On Thursday, police raided the offices of shipbuilder Samsung Heavy Industries to seize documents related to safety trainings and regulatory compliance. The action was part of an ongoing investigation into a crane collapse that killed six workers earlier this week at Samsung's main yard at Geoje, South Korea. SHI officials said that it was the first police raid the company has ever experienced, and that they intend to fully cooperate with the authorities.
Yonhap reports that 30 police officials raided five offices at the yard. "We will analyze the material we gathered through the raid and strictly investigate the possibility of negligence on the part of Samsung Heavy and other officials," a police spokesperson told the paper.
On Monday afternoon, a tower crane at Geoje was lifting a large object when it collided with a gantry crane and collapsed onto a break area. More than 20 workers were injured and five were killed at the scene. An additional worker later died of his wounds, bringing the death toll to six.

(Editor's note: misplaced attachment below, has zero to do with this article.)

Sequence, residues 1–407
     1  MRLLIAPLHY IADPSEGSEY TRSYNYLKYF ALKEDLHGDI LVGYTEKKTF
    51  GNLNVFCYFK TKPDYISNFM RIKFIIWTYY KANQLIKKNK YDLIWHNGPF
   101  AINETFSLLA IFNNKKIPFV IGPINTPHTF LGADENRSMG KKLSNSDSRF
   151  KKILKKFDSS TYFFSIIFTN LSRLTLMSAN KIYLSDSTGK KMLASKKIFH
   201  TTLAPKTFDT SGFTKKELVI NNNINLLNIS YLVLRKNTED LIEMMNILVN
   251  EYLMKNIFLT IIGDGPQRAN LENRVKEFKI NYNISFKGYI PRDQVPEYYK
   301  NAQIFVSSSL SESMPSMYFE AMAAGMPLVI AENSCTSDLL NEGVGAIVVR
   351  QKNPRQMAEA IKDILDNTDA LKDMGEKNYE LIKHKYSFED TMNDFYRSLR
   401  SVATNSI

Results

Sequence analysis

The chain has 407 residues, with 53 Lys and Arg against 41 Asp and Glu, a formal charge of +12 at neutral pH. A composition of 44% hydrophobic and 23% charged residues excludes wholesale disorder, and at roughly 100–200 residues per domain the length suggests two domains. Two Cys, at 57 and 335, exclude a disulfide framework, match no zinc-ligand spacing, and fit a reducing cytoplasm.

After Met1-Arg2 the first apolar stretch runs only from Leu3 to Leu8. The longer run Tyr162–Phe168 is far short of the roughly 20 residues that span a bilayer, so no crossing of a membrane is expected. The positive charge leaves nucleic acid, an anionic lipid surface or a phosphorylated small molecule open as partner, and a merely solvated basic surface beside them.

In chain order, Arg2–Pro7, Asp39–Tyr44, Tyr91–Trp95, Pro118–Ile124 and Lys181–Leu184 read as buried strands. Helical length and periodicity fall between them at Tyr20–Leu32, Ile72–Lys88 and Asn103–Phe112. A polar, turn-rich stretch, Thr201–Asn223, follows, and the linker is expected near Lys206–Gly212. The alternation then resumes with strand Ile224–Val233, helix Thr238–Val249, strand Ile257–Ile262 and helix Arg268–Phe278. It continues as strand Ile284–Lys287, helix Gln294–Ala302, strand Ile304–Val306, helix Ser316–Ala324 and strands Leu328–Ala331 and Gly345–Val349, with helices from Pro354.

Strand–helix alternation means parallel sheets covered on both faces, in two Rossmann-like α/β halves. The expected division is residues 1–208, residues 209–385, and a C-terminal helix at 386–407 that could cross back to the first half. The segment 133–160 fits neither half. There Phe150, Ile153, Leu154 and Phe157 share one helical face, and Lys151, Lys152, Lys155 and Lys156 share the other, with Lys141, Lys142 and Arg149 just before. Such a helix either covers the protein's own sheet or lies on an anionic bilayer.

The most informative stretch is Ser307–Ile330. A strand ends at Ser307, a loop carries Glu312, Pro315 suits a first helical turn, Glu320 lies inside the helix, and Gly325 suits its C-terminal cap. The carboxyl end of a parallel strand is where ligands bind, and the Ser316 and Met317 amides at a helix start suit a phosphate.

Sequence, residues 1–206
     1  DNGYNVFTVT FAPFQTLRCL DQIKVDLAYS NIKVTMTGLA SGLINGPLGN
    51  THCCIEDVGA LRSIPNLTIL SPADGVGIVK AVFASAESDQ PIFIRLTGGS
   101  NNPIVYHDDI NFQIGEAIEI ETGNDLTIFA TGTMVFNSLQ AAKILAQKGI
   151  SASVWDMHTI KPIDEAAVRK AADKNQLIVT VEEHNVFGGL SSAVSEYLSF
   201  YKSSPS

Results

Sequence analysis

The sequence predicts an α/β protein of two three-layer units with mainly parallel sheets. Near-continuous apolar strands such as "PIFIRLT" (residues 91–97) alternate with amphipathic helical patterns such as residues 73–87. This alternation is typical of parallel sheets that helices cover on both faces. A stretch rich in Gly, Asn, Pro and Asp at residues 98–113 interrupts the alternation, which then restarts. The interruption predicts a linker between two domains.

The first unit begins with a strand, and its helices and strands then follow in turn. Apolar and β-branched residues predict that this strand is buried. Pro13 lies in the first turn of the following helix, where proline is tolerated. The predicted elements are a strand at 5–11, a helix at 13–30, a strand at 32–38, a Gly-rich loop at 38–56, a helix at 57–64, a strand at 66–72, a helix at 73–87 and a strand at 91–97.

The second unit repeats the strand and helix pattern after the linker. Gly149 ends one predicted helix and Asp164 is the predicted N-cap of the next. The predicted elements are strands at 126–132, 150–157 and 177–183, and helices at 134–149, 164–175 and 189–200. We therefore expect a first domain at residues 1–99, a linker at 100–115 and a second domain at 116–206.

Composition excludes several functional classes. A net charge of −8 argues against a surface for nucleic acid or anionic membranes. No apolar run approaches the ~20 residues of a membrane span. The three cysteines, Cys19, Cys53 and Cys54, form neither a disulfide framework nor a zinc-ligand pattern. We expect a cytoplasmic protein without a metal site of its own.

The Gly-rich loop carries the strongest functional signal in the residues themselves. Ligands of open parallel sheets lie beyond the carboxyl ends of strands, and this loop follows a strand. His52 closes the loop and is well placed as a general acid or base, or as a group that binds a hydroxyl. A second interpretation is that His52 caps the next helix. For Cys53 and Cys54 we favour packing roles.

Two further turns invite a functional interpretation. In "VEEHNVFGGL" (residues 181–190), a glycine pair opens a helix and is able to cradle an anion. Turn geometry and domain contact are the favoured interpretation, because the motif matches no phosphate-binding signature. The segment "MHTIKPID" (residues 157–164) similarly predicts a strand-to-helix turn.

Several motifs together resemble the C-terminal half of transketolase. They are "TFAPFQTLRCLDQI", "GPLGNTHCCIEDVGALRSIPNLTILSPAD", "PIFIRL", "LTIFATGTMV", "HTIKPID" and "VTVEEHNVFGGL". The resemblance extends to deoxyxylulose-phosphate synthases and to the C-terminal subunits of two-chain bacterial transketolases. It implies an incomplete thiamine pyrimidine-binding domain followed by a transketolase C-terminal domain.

Through a spokesman, SHI president and CEO Park Dae-young gave his condolences to the families of the victims and promised to "make every effort to prevent such accidents . . . so that the lives lost will not be in vain." Separately, leading South Korean presidential candidate Moon Jae-in traveled to Geoje Island on Wednesday to express his condolences to the victims’ relatives.
Local authorities have ordered Samsung Heavy Industries to halt production until an investigation is complete, and the stoppage is expected to last at least two weeks. Among other affected projects, the order has halted work on a $500 million oil platform that SHI is building for Total's Martin Linge field offshore Norway, as well as two platform topsides units that are under construction for Statoil's massive Johan Sverdrup field.